Barometer – May 2017
Rising motoring costs
The average worker now spends nearly a fifth of their wages on essential motoring costs, a study by online parking service YourParkingSpace.co.uk has revealed.
- The study found that UK workers who commute by car now spend an average of £362 a month on motoring costs.
- The biggest outlay was found to be on car finance, followed by fuel and maintenance costs, including servicing and MOTs.
- While workers who have to factor in daily parking expenses on top of essential motoring costs can find their commute costing as much as £465 a month.
The study looked at typical costs for the driver of a 1.6 litre version of the UK’s best-selling car, the Ford Fiesta, to make the average commuter journey.
Harrison Woods of YourParkingSpace.co.uk, commented: “I would urge anyone who is trying to cut the cost of their journey to shop around for the best deals on all of their motoring expenses. For workers who have to pay for parking, using a site like ours could save them hundreds of pounds a year.”
Source: YourParkingSpace.co.ukProgress on car emissions slows
CO2 emissions of new cars sold in the EU continued to fall in 2016 but at a slower rate, a study by the European Environment Agency (EEA) suggests.
- Provisional data shows average new car CO2 emissions were 118.1g/km – down 1.4g/km (1.2%), compared to the previous year but marking the smallest annual improvement recorded since 2006.
- The share of diesel vehicle sales declined for the second year running and fell below 50% of new sales — the lowest share of new sales since 2009.
- However, diesel cars still remain the most sold vehicle type in the EU, representing 49.4% of new sales, followed by petrol vehicles (47%), and alternatively fuelled vehicles (3.3%).
- Around 64,000 pure battery-electric vehicles were registered, a 13% increase compared to sales in 2015.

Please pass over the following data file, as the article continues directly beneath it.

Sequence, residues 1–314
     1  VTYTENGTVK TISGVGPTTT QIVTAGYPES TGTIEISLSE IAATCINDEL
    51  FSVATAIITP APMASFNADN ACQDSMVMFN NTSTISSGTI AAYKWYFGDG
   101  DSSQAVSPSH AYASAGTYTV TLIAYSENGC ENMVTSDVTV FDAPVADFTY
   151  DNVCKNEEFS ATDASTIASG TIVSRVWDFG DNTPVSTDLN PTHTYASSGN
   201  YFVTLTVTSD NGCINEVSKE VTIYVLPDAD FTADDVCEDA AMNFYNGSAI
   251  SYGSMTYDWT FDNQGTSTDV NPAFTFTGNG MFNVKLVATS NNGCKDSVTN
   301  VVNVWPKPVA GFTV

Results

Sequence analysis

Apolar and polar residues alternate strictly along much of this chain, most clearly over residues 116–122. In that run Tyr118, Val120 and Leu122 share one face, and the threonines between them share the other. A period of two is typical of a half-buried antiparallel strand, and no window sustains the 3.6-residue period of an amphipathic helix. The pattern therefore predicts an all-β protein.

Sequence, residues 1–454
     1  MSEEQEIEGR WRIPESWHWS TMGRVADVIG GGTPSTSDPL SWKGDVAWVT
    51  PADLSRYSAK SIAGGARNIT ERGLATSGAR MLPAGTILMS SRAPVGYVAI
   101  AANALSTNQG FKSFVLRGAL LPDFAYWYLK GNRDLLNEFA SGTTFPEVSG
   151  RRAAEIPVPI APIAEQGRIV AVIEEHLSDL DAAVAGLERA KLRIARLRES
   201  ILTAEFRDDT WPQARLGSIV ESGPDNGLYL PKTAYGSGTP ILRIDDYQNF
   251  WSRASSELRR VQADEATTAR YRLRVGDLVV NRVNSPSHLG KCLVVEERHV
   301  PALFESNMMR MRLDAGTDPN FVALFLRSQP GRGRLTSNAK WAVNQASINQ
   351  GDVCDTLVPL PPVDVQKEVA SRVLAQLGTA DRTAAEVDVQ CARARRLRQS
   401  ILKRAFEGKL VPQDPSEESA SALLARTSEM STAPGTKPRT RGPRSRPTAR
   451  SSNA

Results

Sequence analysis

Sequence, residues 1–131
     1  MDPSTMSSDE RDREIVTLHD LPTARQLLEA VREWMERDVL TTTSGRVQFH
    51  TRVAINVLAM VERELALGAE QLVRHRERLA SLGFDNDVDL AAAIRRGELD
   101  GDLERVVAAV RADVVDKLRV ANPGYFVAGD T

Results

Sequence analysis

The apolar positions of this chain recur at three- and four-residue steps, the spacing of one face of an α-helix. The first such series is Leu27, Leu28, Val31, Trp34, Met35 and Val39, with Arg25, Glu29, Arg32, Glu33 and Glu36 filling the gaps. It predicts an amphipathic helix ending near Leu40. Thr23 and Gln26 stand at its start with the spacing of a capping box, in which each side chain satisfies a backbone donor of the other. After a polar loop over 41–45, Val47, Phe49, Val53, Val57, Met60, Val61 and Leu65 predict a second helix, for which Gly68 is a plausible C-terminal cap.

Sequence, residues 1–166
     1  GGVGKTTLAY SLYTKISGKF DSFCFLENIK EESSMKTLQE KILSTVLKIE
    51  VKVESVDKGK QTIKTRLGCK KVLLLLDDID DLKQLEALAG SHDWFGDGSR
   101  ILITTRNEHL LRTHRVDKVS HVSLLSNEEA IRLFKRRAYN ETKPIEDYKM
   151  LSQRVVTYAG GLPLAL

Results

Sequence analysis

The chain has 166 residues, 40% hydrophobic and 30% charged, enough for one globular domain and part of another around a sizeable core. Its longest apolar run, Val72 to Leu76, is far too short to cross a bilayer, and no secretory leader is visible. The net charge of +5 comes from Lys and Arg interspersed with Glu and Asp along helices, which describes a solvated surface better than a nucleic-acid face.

- Electric and plug-in hybrid vehicles together accounted for just 1.1% of all new cars sold in the EU.
Annual improvements in vehicle efficiency need to significantly increase in each of the coming five years in order to achieve the second average emissions target of 95g/km by 2021.
Concerns about tailgating
Drivers are still not getting the message about the dangers of tailgating nearly four years after the police gained new powers to tackle the issue, new research published by Confused.com suggests.
- According to figures published by the comparison website, 22% of drivers knowingly drive too close to other vehicles, putting themselves and other road users at risk.
- However, despite one in five drivers admitting to regularly tailgating, just 260 drivers have been prosecuted since on-the-spot penalties were introduced in August 2013.
- While 79% of drivers questioned remain unaware that tailgating is an offence.
- The study revealed the behaviour is widespread, with 82% of respondents experiencing tailgating, and 42% agreeing that more should be done to tackle the issue.
- 19% of respondents said they have even had an accident or near miss on account of being tailgated by another driver.
Intended to help the police tackle problem motorists, the measures introduced in 2013 mean that officers can issue £100 on-the-spot fines and three points for drivers spotted tailgating or lane hogging, rather than taking them to court.click here.